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These fun little guys are perfect for every day spinning fun or for Chanukah celebrations!

A dreidel (also spelled dreidl or draydel) is a four sided spinning top with a different Hebrew letter on each side. The game of dreidel is traditionally played during the Jewish holiday of Hanukkah.

You can play this traditional Hanukkah game with your family. All members of the household, from toddlers to senior citizens, can play this simple and fun game together.

Here's How:

1.All players get an equal amount of pennies, chocolate coins (gelt), candies, raisins, or tokens.

2.All players put one token in the pot in the center.

3.The dreidel is a four sided spinning top with a different Hebrew letter on each side. Players take turns spinning the dreidel.

4.The player acts according to the letter which is facing up when the dreidel stops spinning.

5.The image with the Hebrew letters on the top right of this page is the game key; it shows which Hebrew letter symbolizes which move in the game. Nun means the player does nothing. Gimel means the player takes all the tokens from the pot. Hay means the player takes half of the tokens from the pot. Shin (or Pay in Israel) means the player puts one token into the pot.

6.The winner is the one with the most tokens.

- The Ancient Connection -

Some people maintain that the dreidel game goes back to the time of the Greek-Syrians, and thus is integrally connected to the Hanukkah holiday. Since the Greek-Syrians prohibited the Jews from studying Torah, the Jews needed a way to hide their Torah learning. They used the dreidel as a decoy. When they saw the Greek-Syrians coming, the Jews would hide their books, take out their dreidels, and trick the Syrians into thinking they were just playing a game.

- The European Connection -

While the above story is a wonderful way to link the holiday's history to its modern celebration, the true source of the game is probably European.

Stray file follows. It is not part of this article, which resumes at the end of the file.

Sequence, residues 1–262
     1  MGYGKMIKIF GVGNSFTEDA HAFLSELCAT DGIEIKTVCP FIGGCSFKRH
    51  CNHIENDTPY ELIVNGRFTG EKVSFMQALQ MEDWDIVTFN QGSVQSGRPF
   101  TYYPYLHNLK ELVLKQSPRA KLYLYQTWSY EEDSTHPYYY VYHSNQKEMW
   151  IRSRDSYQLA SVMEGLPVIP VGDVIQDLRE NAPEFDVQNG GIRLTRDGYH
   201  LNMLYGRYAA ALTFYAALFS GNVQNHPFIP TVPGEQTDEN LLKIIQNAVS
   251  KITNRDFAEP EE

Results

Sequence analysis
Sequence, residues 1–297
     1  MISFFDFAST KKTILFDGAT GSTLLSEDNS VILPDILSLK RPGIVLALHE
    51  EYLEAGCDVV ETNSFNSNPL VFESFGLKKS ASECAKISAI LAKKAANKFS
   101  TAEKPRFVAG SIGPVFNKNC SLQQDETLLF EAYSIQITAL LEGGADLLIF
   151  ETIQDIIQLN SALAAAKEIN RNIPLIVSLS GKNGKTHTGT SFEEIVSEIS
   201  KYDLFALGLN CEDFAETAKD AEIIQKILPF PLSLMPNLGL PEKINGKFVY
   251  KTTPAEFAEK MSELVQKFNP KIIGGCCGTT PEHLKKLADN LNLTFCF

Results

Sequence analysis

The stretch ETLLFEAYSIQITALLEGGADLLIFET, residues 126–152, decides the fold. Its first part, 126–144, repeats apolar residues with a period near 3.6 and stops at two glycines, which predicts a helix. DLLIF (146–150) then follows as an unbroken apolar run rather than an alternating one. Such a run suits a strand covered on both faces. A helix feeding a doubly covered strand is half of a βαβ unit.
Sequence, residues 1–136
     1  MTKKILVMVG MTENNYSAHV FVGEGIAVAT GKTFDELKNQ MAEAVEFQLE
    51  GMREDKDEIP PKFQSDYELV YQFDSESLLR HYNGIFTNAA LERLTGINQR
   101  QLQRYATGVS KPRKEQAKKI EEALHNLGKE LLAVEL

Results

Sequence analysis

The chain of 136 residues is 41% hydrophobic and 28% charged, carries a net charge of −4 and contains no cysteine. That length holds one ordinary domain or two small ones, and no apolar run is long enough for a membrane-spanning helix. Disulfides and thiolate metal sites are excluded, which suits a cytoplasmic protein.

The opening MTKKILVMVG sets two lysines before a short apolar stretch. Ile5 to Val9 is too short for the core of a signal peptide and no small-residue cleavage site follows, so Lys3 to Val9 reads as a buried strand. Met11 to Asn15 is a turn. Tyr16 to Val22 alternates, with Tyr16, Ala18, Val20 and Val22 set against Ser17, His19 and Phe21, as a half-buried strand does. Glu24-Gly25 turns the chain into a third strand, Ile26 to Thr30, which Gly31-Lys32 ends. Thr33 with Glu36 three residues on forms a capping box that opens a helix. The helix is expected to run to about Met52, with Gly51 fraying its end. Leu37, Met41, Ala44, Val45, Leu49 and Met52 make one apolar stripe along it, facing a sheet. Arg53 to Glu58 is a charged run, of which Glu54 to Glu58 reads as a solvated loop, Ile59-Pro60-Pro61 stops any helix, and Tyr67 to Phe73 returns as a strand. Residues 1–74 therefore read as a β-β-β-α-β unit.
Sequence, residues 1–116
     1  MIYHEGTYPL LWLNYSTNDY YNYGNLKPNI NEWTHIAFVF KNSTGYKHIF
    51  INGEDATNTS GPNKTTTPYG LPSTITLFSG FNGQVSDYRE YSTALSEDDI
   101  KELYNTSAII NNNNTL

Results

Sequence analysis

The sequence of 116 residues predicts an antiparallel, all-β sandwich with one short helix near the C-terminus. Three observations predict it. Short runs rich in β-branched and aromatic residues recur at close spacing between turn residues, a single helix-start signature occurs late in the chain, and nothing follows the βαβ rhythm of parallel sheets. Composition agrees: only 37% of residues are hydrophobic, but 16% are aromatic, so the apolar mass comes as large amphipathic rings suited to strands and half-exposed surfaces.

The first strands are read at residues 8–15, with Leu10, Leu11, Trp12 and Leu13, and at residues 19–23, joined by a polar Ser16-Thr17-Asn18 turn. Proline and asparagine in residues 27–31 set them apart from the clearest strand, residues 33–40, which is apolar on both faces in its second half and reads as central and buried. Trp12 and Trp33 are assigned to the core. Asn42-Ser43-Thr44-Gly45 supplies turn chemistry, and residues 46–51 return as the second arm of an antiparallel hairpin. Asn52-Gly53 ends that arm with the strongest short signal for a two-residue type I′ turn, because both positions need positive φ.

In Europe, a gambling game with a spinning top has been played for centuries by various people in various languages. In England and Ireland, the game of totum or teetotum, first mentioned in approximately 1500, was especially popular at Christmastime. The Germans also liked to play a gambling game with a spinning top.

It is believed that the Jewish game of dreidel is a Judaicized version of the German gambling game. The Yiddish word dreidel derived from the German word drehen, which means "to spin."

The letters on the faces of the gambling toy, which were mnemonic for the rules of the game, varied in each nation. The letters on the English spinning top were: T for Take, H for Half, P for Put, N for None. In the German game, the letters were: N for Nichts (nothing), G for Ganz (all), H for Halb (half), S for Stell (put). The Hebrew letters on the dreidel seem to have come directly from the German gambling toy: Nun for Nichts (nothing), Gimel for Ganz (all), Hay for Halb (half), Shin for Stell (put).

In an effort to link the game to the celebration of Hanukkah, the Hebrew letters nun, gimel, hay and shin were said to stand for the phrase Nes Gadol Haya Sham, which means "a great miracle happened there."

- The Israeli Connection -

With the birth of Israel and the revival of the Hebrew language, Israelis called the dreidel a sivivon. Sivivon comes from the Hebrew word sovev which means "to turn."

Furthermore, Israelis changed the letter shin on the dreidel to the letter pay. Thus, the letters nun, gimel, hay and pay would stand for the phrase Nes Gadol Haya Po, which means "a great miracle happened here."

Unfinished Wood Dreidel - Set of 4